Tom Nowatzke - 1970
(Game Worn)





Tom Nowatzke football accomplishments as a football player are startling considering the relative lack of publicity he received during his eight year pro career with the Detroit Lions and Baltimore Colts. Tom was University of Indiana's MVP as a junior in 1963. The following year he was the Big 10 rushing leader and first team All American. He was actually drafted ahead of Joe Namath in the first round of the 1965 NFL draft. In that years separate AFL draft the Jets, holding both the fifth and six choices in the first round, selected Namath immediately followed by Nowatzke.  The Lions were so excited about their chance to draft big Tom that they asked the legendary writer George Plimpton (see Helmet Hut feature "Paper Lion") to make the actual selection for them at NFL draft headquarters in New York City. Tom was the leading rusher for the Colts in Super Bowl V. In the third quarter he caught a key 45 yard pass out of the backfield from Earl Morrall. He scored a critical fourth quarter touchdown that tied the game and allowed for the well publicized winning field goal with five seconds remaining by teammate Jim O'Brien. Tom had a reputation within the NFL as a bruising fullback, tenacious blocker and excellent receiver coming out of the backfield. Unfortunately he played the majority of his pro career in the post "Jim Brown" era where the historical importance of the fullback position was overshadowed by the media focus on the subsequent windfall of "glamour" halfbacks such as Leroy Kelly, Gale Sayers, O. J.  Simpson and the Lion's own Mel Farr. Today, Tom is a highly successful businessman and stays connected to his football roots as the Vice President of the Detroit Lions Alumni Association.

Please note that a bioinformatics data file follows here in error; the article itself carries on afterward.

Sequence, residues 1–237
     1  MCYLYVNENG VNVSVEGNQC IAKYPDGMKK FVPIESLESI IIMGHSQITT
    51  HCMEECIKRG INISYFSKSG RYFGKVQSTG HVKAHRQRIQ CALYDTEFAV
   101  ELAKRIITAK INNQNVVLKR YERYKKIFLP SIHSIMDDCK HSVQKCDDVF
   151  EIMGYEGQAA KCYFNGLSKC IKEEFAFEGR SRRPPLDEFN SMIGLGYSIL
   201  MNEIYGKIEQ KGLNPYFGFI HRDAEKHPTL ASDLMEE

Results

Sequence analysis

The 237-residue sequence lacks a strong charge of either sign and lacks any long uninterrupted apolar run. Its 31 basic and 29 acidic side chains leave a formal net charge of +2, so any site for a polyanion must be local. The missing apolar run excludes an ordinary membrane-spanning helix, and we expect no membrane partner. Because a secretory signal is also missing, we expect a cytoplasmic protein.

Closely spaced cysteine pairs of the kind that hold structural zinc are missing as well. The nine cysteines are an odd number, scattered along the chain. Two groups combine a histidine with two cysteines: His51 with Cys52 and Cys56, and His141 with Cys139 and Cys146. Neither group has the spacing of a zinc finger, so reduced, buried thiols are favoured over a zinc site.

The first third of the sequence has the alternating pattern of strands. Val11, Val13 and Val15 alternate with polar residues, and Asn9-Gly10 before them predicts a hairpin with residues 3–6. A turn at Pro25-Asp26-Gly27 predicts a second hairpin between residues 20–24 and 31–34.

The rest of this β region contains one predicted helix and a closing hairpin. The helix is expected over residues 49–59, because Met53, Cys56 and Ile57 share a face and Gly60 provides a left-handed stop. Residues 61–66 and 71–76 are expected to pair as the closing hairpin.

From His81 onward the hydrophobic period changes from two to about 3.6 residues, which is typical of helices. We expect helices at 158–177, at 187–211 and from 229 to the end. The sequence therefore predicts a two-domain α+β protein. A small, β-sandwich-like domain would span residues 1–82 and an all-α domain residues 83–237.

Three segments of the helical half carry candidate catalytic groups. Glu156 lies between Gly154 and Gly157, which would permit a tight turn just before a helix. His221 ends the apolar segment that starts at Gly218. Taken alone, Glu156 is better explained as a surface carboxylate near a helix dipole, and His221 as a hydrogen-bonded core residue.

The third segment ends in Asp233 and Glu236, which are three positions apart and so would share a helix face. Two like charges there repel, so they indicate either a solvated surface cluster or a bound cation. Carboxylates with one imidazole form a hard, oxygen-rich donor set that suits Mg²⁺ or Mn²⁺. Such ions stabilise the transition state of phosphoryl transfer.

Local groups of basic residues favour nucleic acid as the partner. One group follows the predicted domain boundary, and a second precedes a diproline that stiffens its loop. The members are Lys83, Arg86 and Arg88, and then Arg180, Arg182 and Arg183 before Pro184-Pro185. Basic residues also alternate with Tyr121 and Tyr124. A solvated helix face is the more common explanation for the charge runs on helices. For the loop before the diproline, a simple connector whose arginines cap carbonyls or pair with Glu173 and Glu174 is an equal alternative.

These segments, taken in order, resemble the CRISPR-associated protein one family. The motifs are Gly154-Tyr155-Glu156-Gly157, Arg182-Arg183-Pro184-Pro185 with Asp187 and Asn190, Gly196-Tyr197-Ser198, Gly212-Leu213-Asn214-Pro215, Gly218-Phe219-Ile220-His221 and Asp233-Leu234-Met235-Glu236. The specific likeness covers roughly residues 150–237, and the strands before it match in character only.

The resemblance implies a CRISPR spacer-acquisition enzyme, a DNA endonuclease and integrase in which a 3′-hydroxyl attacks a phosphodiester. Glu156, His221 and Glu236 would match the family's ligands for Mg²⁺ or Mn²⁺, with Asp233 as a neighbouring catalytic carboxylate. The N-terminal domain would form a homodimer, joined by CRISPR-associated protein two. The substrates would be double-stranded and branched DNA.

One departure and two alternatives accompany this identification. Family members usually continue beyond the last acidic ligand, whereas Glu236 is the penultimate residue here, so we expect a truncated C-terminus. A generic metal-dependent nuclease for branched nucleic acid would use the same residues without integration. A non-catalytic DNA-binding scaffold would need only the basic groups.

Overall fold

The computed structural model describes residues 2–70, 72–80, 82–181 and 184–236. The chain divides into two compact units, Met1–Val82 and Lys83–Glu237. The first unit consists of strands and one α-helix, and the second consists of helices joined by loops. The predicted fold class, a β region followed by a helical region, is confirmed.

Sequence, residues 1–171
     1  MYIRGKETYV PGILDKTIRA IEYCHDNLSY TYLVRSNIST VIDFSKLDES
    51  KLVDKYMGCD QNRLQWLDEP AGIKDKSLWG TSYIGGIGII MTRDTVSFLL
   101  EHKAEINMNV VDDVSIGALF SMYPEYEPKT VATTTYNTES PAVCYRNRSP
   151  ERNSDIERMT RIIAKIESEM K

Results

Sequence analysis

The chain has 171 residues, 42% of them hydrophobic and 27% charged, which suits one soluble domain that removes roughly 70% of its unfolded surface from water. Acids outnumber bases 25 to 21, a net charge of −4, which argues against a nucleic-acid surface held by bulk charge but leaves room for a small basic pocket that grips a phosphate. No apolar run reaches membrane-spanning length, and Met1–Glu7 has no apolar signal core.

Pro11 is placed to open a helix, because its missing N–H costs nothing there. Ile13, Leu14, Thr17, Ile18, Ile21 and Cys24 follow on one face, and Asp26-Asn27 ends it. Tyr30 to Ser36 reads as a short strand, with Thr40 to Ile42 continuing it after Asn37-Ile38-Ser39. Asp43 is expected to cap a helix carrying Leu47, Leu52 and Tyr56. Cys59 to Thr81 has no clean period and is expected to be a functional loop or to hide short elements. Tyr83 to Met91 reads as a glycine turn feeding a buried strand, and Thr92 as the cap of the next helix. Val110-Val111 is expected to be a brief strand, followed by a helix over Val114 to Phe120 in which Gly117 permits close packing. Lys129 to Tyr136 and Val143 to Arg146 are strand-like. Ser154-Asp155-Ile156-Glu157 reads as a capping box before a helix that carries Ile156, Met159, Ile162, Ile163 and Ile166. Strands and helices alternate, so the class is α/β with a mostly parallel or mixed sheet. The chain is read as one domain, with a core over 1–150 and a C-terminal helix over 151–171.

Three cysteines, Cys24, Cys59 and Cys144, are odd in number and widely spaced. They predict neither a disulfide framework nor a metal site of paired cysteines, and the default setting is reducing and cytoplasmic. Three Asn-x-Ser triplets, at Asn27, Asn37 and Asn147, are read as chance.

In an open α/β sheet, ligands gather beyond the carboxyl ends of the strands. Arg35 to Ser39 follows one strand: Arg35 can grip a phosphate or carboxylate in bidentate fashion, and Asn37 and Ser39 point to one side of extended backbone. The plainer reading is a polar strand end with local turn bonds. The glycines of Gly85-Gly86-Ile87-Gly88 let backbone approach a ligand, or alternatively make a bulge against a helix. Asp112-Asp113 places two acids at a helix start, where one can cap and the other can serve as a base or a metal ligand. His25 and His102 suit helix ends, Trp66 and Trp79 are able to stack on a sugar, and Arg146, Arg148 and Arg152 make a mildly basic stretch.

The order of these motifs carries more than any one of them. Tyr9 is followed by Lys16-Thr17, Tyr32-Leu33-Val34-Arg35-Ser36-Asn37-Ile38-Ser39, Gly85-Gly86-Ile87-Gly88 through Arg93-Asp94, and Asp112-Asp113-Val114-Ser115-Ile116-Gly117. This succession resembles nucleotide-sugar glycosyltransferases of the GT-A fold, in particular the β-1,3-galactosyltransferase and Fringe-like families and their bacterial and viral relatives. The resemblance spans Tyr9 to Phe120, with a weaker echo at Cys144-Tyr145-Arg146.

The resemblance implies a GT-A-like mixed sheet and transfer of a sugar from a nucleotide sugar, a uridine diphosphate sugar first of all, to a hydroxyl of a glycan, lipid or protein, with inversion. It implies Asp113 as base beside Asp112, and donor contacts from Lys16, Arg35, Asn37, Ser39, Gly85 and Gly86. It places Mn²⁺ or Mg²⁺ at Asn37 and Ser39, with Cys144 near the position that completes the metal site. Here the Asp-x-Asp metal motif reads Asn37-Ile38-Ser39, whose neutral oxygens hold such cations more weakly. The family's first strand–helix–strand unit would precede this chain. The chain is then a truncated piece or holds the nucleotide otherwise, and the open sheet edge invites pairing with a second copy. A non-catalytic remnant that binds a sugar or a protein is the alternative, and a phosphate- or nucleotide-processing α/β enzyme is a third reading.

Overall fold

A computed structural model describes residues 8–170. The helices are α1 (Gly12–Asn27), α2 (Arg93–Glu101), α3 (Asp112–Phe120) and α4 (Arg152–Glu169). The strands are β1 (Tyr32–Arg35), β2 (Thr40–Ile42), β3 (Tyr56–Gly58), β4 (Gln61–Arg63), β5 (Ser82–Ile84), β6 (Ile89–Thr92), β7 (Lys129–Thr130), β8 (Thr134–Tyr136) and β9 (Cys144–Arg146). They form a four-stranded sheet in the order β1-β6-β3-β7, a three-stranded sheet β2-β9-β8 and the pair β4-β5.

This is Tom's actual game worn Super Bowl V helmet, the Riddell model "TK" suspension. The rear of the shell is stamped with the 1969 introduced, all capital "stencil" style font Riddell trademark along with the "KRA-LITE - 8" trademark (the dash "8" designation was removed after 1970). The Riddell warranty label remains intact inside the shell and the F-70 code reflects the helmets February 1970 manufacturing date which properly predates the January 1971 Super Bowl V event. The helmet's slightly wider classic style Colt horseshoe logos are complimented by the its simple but elegant 1" navy stripe (look for this years Colts team to scrap their contemporary royal shaded logos and striping and return to the navy hue they used during their "glory" years). The 2.5" tall rounded style rear number "34" player numerals (which replaced the previous 2" style in the later 1960s) are correctly positioned in their traditional location just above the "RIDDELL" and "KRA-LITE-8" trademarks. A number "34" is also handwritten in green ink inside the shell above the ear hole. Tom's helmet had a front leather nose pad/snubber rather than the standard rubber nosed snubber.  This Riddell accessory provided more protection compared to the standard rubber snubber but became obsolete subsequent to the introduction of the Riddell "Wildcat" sweatband design. (Click on the "Accessories" button on the Helmet Hut home page to see a full picture of the front leather nose pad/snubber.) Like most 1960s era fullbacks Tom used a standard Riddell "BD-9" plastic two bar face mask. Tom continued to wear this style face mask into the 1970s decade while most other running backs shifted to the more protective Schutt vinyl coated steel cage type mask
Helmet Hut is privileged to have a close association with both Tom Nowatzke and the Detroit Lions organization. Tom and Lion's executive Tim Pendall worked enthusiastically with Helmet Hut to customize actual reproductions of 1960s era Lions style suspension helmets for the former Lion players returning for last years "Paper Lion" reunion. The reunion was an overwhelming success. The highlight of the event was the emotion filled, on-field, half-time presentation of these nostalgic helmets to the former Lions in front of 70,000 roaring fans expressing their heartfelt gratitude to their past heroes.